The Real Deal Miami

Donald Trump files suit over Fort Lauderdale condo hotel

Trump claims he lost millions over the scuttled project, now the Conrad Fort Lauderdale Beach

June 04, 2015 01:30PM

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Rendering of the Trump International Hotel & Tower in Ft. Lauderdale and Donald Trump

Rendering of the Trump International Hotel & Tower in Ft. Lauderdale and Donald Trump

Donald Trump has reportedly sued the developer of a condo hotel in Fort Lauderdale, which fell into foreclosure and allegedly cost his company millions.

The project in question is now known as the Conrad Fort Lauderdale Beach, at 551 North Fort Lauderdale Beach Boulevard. It was formerly called the Trump International Hotel & Tower Fort Lauderdale before it fell into a web of litigation against both Trump and the project’s builder.

Trump had signed a licensing and management agreement to run the hotel, while builder Roy Stillman and his firm SB Hotel Associates developed the property, a publication reported.

Four years after the agreement was signed, Stillman realized his construction financing wasn’t enough to complete the project, and the lender wouldn’t agree to a bigger loan.

He stopped construction, fired the hotel employees and gave condo buyers a deadline to close on their units, the South Florida Business Journal reported.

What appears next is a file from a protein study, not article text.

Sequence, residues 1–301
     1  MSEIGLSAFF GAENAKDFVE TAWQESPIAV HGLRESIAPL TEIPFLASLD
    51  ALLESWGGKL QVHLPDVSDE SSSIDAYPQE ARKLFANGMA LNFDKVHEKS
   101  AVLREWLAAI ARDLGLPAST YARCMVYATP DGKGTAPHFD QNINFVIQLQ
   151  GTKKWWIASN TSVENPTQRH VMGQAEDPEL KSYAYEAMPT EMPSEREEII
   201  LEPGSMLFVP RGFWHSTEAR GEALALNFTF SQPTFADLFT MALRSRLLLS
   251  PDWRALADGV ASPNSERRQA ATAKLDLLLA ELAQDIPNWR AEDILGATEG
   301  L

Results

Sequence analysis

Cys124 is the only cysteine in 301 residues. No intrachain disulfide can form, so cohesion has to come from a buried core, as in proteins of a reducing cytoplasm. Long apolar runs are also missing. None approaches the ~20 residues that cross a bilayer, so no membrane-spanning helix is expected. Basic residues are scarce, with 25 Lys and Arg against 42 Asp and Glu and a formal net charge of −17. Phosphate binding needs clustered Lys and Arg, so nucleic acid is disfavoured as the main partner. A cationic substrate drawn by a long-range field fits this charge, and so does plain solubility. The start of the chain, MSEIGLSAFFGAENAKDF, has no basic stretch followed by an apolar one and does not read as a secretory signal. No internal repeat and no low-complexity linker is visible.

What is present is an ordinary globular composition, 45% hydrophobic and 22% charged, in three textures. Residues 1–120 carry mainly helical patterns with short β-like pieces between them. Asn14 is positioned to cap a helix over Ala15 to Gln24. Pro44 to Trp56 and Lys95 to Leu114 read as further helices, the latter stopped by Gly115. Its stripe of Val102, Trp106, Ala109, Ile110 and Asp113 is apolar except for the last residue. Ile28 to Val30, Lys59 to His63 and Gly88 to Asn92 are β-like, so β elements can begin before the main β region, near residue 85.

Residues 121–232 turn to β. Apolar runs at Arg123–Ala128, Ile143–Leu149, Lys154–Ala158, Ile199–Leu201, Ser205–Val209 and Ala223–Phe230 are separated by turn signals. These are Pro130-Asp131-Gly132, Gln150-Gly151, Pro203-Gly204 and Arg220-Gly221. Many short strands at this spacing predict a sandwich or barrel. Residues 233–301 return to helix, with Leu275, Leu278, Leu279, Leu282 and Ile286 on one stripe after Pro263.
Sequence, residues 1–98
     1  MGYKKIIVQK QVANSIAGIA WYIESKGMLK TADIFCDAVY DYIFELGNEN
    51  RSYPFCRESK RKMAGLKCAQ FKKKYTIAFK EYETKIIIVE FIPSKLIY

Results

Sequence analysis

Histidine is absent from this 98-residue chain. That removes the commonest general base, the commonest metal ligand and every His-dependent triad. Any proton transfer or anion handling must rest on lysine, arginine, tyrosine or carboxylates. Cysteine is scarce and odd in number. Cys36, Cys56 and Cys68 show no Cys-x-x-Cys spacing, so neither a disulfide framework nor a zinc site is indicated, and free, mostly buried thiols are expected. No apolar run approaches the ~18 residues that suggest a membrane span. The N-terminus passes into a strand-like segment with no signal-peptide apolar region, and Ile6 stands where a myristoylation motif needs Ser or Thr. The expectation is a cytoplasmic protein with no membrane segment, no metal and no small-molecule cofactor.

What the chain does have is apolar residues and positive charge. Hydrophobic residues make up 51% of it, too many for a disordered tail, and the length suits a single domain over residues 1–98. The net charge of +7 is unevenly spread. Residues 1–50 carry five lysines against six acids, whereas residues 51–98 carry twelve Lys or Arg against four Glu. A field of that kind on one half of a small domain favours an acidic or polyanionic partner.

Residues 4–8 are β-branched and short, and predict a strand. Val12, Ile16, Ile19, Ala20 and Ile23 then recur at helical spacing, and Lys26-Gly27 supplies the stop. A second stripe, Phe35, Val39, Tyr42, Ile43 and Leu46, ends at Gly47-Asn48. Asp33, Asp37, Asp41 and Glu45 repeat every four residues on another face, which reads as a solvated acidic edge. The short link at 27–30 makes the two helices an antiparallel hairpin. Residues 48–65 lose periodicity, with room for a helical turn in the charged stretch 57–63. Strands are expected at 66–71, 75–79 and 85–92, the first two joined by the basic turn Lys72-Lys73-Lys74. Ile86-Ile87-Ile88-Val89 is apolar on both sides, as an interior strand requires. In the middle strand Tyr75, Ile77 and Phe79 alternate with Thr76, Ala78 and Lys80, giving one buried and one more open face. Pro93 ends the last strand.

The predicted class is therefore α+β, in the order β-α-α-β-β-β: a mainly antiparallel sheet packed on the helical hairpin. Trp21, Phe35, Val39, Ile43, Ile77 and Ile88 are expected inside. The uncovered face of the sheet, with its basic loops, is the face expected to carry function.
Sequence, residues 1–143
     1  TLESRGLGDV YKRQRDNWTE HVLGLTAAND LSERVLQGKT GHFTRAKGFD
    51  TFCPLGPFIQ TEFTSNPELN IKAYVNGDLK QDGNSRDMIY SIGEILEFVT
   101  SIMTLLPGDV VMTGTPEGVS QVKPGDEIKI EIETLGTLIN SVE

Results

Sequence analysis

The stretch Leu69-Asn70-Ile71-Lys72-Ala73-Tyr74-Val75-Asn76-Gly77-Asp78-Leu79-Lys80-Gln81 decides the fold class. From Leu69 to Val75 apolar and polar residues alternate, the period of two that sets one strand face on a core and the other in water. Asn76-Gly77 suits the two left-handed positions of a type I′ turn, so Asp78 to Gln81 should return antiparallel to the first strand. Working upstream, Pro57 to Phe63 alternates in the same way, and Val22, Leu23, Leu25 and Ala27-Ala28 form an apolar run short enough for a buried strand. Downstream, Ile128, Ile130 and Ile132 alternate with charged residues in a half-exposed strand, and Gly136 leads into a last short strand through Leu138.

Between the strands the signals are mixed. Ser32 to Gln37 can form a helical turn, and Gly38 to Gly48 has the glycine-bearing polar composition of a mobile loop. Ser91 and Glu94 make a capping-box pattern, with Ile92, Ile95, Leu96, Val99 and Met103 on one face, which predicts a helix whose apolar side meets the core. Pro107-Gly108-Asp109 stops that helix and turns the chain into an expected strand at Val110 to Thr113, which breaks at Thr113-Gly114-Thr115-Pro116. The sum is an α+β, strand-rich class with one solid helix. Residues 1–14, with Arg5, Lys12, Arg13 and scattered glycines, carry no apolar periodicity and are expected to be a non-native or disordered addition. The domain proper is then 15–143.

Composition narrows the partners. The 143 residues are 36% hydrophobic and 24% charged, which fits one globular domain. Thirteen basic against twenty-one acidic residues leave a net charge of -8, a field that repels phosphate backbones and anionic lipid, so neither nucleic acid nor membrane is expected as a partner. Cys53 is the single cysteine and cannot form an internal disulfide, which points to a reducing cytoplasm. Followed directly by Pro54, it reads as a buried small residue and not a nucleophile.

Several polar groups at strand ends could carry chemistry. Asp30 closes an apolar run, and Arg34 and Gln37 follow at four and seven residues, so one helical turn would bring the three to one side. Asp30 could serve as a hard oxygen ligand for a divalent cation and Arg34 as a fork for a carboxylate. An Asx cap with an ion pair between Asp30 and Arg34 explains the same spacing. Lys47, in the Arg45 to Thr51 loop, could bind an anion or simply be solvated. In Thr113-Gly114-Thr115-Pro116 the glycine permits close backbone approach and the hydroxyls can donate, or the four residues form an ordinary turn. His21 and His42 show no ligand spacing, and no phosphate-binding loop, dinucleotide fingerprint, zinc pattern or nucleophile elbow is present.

Lawsuits from buyers looking to get their money back quickly followed, but a large chunk of the deposits had been spent on construction.

The suits named both Trump and Stillman. He warned Stillman not to settle any of the suits unless they also released Trump from liability. However, Stillman allegedly settled the suits with escrow funds anyway, while the litigation continued against Trump, the publication reported.

Now, Trump is suing for a breach of contract, claiming Stillman costed him millions over the failed project and legal fees, and also damaged his reputation.

The development was purchased by CFLB Partnerships for $115 million in 2013, and turned it into the Conrad Fort Lauderdale Beach. It is slated to open in September. [South Florida Business Journal] — Sean Stewart-Muniz